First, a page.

21. BO says:

    Hey, the alligator cake line made me laugh out loud. I guess it just appeals to my sense of humor! ;)

  22. Donna says:

    As a psychologist, I just wanted to comment on some of the other comments. “Repression” is not a good thing and it can sometimes lead to mental health difficulties. However, I think what Joel was trying to say is that parents need to have a pre-frontal cortex which inhibits saying inappropriate things at inappropriate times. That is what is so upsetting about this mom–not that she should have repressed the thought but that she should have the brain development to not give voice to such things within in ear shot of other people besides her therapist or her spouse.

  23. Ayanna says:

    Yes we all think it, but at the end of the day, they are what we make them. We spoil them and give them a lot of control. We raise thinkers and they learn how to read us an d push all the buttons, like a husband:0)

  24. sara says:

    While I agree it is unsettling to hear an outburst that is not “ok”, this is another post that I leave feeling the intensity of your judgement of other parents and children.

  25. Jess says:

    Just my two cents….yes, the mom in question handled the situation in the most wrong way possible. But, what if saying that kept her from just beating the kid senseless? What if she has undiagnosed/untreated depression? Combined with a difficult child, or perhaps a child with an undiagnosed or untreated problem, such as ADHD? From experience, that is a very bad combination that leads to some very dark thoughts. Sounds to me like someone should be reaching out to help her, and her child, before the situation becomes so much more than an inappropriate outburst.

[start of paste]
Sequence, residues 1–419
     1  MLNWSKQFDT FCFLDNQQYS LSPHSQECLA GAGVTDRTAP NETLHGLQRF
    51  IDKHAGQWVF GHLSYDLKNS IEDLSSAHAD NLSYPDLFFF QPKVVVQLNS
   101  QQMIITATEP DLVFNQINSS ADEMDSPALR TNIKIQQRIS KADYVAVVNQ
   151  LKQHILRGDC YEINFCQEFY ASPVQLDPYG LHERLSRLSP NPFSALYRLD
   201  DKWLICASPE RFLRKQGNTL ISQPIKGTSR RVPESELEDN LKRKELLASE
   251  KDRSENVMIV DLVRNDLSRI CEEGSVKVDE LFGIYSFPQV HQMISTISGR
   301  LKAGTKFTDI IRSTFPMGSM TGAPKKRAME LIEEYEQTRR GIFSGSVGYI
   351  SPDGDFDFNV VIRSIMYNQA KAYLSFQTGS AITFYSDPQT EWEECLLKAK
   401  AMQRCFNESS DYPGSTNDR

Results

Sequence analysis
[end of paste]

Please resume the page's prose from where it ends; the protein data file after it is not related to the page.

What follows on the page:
26. Jessika says:

    As a mother of three kids under 7 ys/o (with another on the way), I definitely understand how frustrating and overwhelming things can feel when your child is being difficult. However, what that mother said is VERY wrong, in my opinion. It’s one thing to say “I need a break” or “I can’t handle this right now”. But to say that you don’t want to be your child’s mother anymore? That should never even be a thought in a mother’s mind. My children make my life worth living, and I couldn’t imagine my life without any one of them. Are my children perfect angels? Definitely not. But I’m happy and proud to be their mother.

    As far as “repression” goes, it seems that is the wrong word. As a parent, we have to be emotionally strong for our children and keep our emotions in check to a certain point. Children can sense what you’re feeling, and they may start to feel it too. Which is why, when they get hurt, you don’t want to freak out and act like they’re dying (even if you really are freaking out in your mind), because then they’ll be even more freaked out. Our children look to us to learn how to handle situations, how to feel and express emotion, etc. So outburts of anger, etc. should be done in private, or at least where you child can’t see or hear it.

  27. Elizabeth @ Motherhood: A Descent Into Madness says: